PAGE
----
Chap 5

Return to Essential Concepts


  • Life depends on the stable and compact storage of genetic information
  • Genetic information is carried by very long DNA molecules and encoded in the linear sequence of nucleotides A, T, C, G
  • Each molecule of DNA is a double helix composed of a pair of complementary strands of nucelotides, held together by hydrogen bonds between C-G and A-T base pairs.
  • A strand of DNA has a chemical polarity due to the linkage of alternating sugars and phosphates in its backbone. The two strands of the double helix run anti-parallel — that is, in opposite orientations.
  • The genetic material of a eukaryotic cell is contained in a set of chromosomes, each formed from a single, enormously long DNA molecule that contains many genes.
  • When a protein-coding gene is expressed, part of its nucleotide sequence is copied into RNA, which then directs the synthesis of a specific protein.
  • The DNA that forms each eukaryotic chromosome contains, in addition to genes, many replicated origins, one centromere, and two telomeres. These sequences ensure that the chromosome can be replicated efficiently and passed on to daughter cells.
  • Chromosomes in eukaryotic cells consist of DNA tightly bound to a mass of specialized proteins. These proteins fold the DNA into a compact form. The complex of DNA and protein in chromosomes is called chromatin.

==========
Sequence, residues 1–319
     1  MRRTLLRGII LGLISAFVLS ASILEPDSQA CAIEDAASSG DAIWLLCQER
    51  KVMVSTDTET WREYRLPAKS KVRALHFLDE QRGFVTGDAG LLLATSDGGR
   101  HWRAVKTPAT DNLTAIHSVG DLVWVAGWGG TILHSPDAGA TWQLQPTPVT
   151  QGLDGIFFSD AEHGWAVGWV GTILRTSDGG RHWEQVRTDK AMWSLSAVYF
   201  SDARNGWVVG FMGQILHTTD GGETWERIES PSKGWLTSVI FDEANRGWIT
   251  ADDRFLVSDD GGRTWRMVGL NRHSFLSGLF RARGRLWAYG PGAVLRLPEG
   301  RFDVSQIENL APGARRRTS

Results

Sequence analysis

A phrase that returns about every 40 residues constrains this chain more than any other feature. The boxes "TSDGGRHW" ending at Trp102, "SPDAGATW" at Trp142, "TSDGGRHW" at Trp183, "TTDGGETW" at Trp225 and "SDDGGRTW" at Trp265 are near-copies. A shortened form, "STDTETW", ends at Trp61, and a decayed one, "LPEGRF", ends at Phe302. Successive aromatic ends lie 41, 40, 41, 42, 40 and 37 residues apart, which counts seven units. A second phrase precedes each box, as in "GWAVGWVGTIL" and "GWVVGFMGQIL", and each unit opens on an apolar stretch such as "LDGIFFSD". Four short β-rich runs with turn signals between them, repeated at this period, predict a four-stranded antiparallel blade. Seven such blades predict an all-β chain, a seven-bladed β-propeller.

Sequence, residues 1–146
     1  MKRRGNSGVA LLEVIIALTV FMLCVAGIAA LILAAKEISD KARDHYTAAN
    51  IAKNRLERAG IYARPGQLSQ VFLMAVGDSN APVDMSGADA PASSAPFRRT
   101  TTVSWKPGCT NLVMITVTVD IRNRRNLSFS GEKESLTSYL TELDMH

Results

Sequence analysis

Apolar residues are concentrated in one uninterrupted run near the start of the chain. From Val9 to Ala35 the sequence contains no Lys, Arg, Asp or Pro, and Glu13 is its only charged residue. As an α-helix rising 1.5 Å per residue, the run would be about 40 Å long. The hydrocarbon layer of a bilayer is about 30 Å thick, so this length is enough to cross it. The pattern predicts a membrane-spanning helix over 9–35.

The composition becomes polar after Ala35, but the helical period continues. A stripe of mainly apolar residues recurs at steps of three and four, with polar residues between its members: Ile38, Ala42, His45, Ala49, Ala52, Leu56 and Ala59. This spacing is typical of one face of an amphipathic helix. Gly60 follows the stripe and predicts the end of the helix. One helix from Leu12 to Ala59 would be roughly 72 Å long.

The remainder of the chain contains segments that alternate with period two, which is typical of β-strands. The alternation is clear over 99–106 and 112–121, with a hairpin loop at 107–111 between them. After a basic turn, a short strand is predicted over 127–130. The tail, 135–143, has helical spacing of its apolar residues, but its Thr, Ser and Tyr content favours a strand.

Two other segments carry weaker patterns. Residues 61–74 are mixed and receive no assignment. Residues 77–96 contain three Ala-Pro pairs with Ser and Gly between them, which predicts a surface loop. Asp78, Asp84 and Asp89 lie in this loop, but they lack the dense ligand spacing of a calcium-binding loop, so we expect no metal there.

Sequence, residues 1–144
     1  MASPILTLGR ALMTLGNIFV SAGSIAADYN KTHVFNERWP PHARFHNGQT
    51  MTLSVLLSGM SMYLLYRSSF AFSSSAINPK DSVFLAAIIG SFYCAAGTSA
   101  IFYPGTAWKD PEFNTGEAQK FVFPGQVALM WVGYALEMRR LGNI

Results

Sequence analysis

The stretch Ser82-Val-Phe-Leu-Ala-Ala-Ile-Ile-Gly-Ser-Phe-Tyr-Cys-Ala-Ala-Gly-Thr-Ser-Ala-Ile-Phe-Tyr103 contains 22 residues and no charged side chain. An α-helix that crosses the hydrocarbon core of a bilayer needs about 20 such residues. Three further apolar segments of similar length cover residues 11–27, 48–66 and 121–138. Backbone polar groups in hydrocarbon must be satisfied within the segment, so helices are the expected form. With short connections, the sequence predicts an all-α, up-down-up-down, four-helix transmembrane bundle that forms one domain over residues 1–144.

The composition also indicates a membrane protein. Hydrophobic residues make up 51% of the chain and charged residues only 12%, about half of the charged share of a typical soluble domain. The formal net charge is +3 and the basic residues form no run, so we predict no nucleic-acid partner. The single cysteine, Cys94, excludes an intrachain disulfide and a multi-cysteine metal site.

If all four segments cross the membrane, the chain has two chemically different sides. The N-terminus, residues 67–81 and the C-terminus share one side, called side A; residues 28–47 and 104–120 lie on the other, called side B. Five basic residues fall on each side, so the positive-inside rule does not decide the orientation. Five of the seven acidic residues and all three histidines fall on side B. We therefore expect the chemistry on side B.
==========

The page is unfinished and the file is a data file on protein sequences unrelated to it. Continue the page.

• The most abundant chromosomal proteins are the histones, which pack DNA into a repeating array of DNA-protein particles called nucleosomes.
  • Nucleosomes pack together, with the aid of histone H1 molecules, to form a 30-nm fiber. The fiber is generally coiled and folded, producing more compact chromatin structures.
  • Chromatin structure is dynamic: by temporarily decondensing its structure — using chromatin remodeling complexes and enzymes that covalently bond histone tails — the cell can ensure that proteins involved in gene expression, replication, and repair have rapid, localized access to the necessary DNA sequences.
  • Some forms of chromatin have a pattern of histone tail modification that causes the DNA to become so highly compacted that the packaged genes cannot be expressed to produce RNA and protein.
  • Chromatin structure can be transmitted from one cell generation to the next, producing a form of epigenetic inheritance that helps a cell to remember the state of gene expression in its parent cell.

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